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DT 29218

Daily Telegraph Cryptic No 29218

Hints and tips by Mr K

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BD Rating  -  Difficulty ** Enjoyment ***

Hello, everyone.  Today has brought us another excellent Tuesday puzzle – accessible without being trivial, and offering plenty of smiles during the solve.  It also felt fresh, which is not surprising given that the last five Tuesday puzzles, including today's, have been created by five different compilers.  If today's setter is reading, we'd all love to see a comment from you below so we can thank you in person, as it were. 

In the hints below most indicators are italicized, and underlining identifies precise definitions and cryptic definitions.  Clicking on the answer will be here buttons will reveal the answers.  In some hints hyperlinks provide additional explanation or background.  Clicking on a picture will enlarge it or display a bonus illustration.  Please leave a comment telling us how you got on.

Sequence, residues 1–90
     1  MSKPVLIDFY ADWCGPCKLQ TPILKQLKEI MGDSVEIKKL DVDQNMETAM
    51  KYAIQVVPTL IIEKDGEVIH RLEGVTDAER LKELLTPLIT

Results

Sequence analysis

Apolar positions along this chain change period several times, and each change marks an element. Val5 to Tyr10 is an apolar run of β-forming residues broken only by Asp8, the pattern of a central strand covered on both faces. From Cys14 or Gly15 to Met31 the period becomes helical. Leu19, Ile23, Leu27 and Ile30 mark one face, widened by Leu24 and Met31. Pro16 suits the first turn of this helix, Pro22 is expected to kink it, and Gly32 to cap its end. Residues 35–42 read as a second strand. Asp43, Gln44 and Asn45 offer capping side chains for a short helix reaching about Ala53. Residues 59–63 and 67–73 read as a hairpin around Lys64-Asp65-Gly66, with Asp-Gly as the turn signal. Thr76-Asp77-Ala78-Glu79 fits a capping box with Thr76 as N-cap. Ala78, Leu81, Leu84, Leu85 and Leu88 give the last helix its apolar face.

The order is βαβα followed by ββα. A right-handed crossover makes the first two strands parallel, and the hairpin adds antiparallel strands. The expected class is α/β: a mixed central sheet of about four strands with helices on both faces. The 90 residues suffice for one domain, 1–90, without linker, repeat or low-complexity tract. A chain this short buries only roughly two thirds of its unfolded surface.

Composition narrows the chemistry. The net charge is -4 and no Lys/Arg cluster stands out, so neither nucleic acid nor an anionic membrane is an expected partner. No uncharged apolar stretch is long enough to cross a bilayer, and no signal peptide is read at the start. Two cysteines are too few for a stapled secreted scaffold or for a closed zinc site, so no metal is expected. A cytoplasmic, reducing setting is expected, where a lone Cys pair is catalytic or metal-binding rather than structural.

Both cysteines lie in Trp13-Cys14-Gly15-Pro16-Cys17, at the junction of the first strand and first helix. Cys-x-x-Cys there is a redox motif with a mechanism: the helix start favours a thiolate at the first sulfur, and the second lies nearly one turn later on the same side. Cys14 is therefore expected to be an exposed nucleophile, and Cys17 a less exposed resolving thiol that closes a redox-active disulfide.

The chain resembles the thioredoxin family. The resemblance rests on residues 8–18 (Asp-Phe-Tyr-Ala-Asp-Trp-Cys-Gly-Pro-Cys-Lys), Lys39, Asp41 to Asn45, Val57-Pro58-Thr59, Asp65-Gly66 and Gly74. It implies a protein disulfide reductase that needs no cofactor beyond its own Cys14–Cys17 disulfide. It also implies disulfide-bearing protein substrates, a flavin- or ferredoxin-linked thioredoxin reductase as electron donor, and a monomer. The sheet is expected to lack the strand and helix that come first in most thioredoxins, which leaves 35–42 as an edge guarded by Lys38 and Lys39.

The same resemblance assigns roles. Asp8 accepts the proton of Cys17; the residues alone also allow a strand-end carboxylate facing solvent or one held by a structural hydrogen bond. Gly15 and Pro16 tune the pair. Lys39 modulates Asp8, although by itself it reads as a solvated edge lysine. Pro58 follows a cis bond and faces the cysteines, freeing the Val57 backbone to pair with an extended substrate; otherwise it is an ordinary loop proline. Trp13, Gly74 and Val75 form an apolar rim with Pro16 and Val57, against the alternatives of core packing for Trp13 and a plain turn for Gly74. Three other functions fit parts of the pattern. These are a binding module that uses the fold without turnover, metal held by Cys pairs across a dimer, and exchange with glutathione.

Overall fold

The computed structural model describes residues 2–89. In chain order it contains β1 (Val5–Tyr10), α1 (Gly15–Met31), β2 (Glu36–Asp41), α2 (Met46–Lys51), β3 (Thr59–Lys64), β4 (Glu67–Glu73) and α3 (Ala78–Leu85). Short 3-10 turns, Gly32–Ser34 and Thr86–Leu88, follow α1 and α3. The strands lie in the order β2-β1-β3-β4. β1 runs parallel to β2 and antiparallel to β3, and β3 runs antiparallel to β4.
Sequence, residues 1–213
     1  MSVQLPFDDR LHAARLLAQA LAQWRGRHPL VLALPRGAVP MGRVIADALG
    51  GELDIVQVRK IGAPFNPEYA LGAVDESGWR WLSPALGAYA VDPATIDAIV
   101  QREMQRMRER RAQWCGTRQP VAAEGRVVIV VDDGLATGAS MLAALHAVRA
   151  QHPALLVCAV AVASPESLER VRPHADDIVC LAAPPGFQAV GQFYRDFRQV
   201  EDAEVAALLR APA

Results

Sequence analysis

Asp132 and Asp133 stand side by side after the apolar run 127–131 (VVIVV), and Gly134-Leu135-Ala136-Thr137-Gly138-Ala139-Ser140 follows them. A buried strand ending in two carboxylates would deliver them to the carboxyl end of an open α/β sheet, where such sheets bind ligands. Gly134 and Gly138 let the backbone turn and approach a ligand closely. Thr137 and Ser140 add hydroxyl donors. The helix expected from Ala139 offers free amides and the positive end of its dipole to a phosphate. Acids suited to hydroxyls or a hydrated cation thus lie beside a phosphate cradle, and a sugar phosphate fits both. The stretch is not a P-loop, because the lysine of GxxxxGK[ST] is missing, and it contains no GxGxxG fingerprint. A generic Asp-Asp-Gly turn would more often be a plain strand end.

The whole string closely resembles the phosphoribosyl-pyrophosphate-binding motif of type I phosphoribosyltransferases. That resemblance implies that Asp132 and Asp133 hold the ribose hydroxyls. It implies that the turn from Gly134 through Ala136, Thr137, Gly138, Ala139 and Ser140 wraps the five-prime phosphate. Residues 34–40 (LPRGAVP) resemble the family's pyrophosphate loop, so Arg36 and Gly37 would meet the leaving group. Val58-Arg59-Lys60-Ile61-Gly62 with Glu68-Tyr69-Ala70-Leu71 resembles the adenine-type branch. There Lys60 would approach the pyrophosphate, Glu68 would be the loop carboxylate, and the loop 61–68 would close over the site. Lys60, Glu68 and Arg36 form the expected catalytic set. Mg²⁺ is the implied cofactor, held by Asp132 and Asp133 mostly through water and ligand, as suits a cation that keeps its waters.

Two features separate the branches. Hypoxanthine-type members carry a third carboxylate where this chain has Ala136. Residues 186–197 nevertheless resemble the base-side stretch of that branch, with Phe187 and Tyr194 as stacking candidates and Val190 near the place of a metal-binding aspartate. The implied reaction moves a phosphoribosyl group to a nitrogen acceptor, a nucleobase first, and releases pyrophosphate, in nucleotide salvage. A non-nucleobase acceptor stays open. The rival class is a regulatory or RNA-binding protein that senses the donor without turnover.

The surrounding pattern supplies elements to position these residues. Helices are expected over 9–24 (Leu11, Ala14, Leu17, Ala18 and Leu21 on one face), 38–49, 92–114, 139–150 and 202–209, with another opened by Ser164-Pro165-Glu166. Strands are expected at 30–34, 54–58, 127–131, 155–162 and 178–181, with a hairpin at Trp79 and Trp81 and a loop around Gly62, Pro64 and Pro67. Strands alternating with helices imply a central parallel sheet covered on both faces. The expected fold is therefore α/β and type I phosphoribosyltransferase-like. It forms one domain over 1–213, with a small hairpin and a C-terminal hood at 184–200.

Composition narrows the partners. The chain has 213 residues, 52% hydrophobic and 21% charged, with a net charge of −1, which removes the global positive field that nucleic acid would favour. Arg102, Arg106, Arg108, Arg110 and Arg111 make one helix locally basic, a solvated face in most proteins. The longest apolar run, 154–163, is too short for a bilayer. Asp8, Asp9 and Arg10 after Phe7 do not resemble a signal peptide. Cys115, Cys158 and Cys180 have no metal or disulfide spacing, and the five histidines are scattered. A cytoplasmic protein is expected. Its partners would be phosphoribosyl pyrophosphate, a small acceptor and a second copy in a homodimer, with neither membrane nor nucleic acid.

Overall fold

1a    Great  spelling (5)
MAGIC:  A double definition.  The kind of "spelling" that a witch does

4a    Period for deliveries which should get extra? (8)
OVERTIME:  The answer split (4,4) could, whimsically, be a period for deliveries made by somebody like Neil Wagner, for example

10a   Diners upset about a fish (7)
SARDINE:  An anagram (upset) of DINERS containing (about) A from the clue 

11a   Artist, once more back in front, falls (7)
NIAGARA:  A usual artist is preceded by the reversal (… back in front) of a word meaning "once more".  These falls separate Canada and the US

12a   Look, trendy item to do 2 with? (4)
LOIN:  An archaic interjection meaning "look" is followed by a usual word for trendy or fashionable.  The result is often associated with the answer to 2d

13a   Problem  children (5)
ISSUE:  A straightforward double definition

14a   Call and help returning student (4)
DIAL:  The reversal (returning) of a synonym of help followed by the usual single letter for a student or learner

17a   Thin material used for tabs? (9,5)
CIGARETTE PAPER:  A cryptic definition of a wrapping for tobacco, tab apparently being North England slang for the result of using the answer

19a   Time off: go to get face bones reset (5,2,7)
LEAVE OF ABSENCE:  Go or depart is followed by an anagram (reset) of FACE BONES

22a   Savage married a posh student (4)
MAUL:  Concatenate the single letter for married, A from the clue, the usual single letter for posh, and the usual student or learner